UX website testing
When user experience research expanded to online services, these videos were recordings of a desktop screen as the participant moves through the motions of exploring a new website, or going through a set of motions if they’re testing out a new service or page of a website. This still happens; however, we’ve now expanded this to other technologies such as tablets and smartphones too.
These are brilliant for quick temperature testing of a subject, and can be gathered by researchers face-to-face with participants out and about, or can be sent in to researchers from wherever. Vox pops are also great for initial research into what customers and consumers already know about a subject, before moving onto the next stage that seeks to better inform their knowledge.
Online focus groups
Online focus groups can be recorded with technology similar to that used for online UX recordings. While researchers can see in real-time the reactions of participants when asked certain questions or shown certain resources that they are required to comment on, recording the session allows researchers to go back through the videos and pick up on anything they might have missed during the live session. Automated facial analysis processes can also be applied to the videos in order to shorten the analysis stage and allow the researcher to focus on drawing out valuable insights.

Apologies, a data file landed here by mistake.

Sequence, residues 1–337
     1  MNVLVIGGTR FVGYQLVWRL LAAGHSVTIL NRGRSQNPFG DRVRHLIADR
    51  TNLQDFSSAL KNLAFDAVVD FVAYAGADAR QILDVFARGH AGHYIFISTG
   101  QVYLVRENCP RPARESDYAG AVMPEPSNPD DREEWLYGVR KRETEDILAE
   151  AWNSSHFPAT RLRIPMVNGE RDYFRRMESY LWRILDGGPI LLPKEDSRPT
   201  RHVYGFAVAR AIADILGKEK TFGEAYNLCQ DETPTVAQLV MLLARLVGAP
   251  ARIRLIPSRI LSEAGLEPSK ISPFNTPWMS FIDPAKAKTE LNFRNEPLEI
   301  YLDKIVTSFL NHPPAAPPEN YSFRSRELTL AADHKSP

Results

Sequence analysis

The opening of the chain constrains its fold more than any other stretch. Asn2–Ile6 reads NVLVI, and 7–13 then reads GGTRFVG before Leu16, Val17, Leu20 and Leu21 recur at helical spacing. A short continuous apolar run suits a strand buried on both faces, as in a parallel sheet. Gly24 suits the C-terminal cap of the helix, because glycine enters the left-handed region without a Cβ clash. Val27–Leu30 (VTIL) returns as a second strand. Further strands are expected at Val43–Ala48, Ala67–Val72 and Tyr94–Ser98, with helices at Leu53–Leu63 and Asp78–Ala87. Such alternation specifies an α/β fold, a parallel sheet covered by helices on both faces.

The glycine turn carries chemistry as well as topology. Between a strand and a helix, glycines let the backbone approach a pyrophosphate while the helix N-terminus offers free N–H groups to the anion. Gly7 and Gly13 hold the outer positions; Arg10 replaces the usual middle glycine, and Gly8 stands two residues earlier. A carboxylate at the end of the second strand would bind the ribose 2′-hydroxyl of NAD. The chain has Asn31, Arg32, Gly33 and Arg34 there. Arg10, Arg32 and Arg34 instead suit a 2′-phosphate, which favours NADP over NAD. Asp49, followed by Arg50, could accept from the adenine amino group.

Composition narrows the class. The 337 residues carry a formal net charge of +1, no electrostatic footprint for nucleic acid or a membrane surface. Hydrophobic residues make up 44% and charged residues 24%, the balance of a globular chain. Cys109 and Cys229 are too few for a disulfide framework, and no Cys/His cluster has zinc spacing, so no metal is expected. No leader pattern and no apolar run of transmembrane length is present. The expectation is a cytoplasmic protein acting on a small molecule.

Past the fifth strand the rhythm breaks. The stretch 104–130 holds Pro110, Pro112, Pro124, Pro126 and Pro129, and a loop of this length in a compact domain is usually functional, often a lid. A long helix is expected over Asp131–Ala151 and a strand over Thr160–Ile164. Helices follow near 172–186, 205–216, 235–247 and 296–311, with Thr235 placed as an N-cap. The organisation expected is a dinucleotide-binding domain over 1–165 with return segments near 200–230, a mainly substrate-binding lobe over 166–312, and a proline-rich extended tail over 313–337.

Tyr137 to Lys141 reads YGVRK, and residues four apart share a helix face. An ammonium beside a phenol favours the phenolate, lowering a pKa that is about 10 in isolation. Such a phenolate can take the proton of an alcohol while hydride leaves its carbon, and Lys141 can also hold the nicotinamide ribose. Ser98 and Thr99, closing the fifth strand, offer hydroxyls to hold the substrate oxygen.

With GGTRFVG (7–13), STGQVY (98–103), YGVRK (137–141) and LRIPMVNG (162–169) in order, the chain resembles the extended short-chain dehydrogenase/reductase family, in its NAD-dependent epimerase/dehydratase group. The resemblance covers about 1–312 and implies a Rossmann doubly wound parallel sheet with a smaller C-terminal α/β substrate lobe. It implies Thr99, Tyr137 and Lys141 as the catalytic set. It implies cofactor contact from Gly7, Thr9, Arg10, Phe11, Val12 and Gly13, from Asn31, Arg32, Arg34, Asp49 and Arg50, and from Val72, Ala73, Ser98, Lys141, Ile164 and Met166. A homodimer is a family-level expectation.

Throughout all of this, it’s important to note that videos in the data collection stage aren’t all taken from the consumers’ end. Researchers can make videos too for participants to view – videos to introduce the research experience participants are about to get involved in, videos to explain how the platform works, videos to introduce certain tasks and explain how to contribute to discussions… videos are a versatile medium that connect researchers and consumers in a variety of ways. But researchers aren’t the only ones who need to connect to the participants, stakeholders and the wider business stand to gain a lot from this connection too.
Connecting Stakeholders in Insight Activation
With consumer trends and wider businesses evolving with the times, it’s time our insight activation strategies did too. Too long have board meetings been governed by quantitative statistics that are clinical and disconnected from the participants they came from – so it’s time to look to creatively reengaging stakeholders and the wider business to the consumers they look to attract, and the customers they serve. Videos are a simple and effective way to do just that.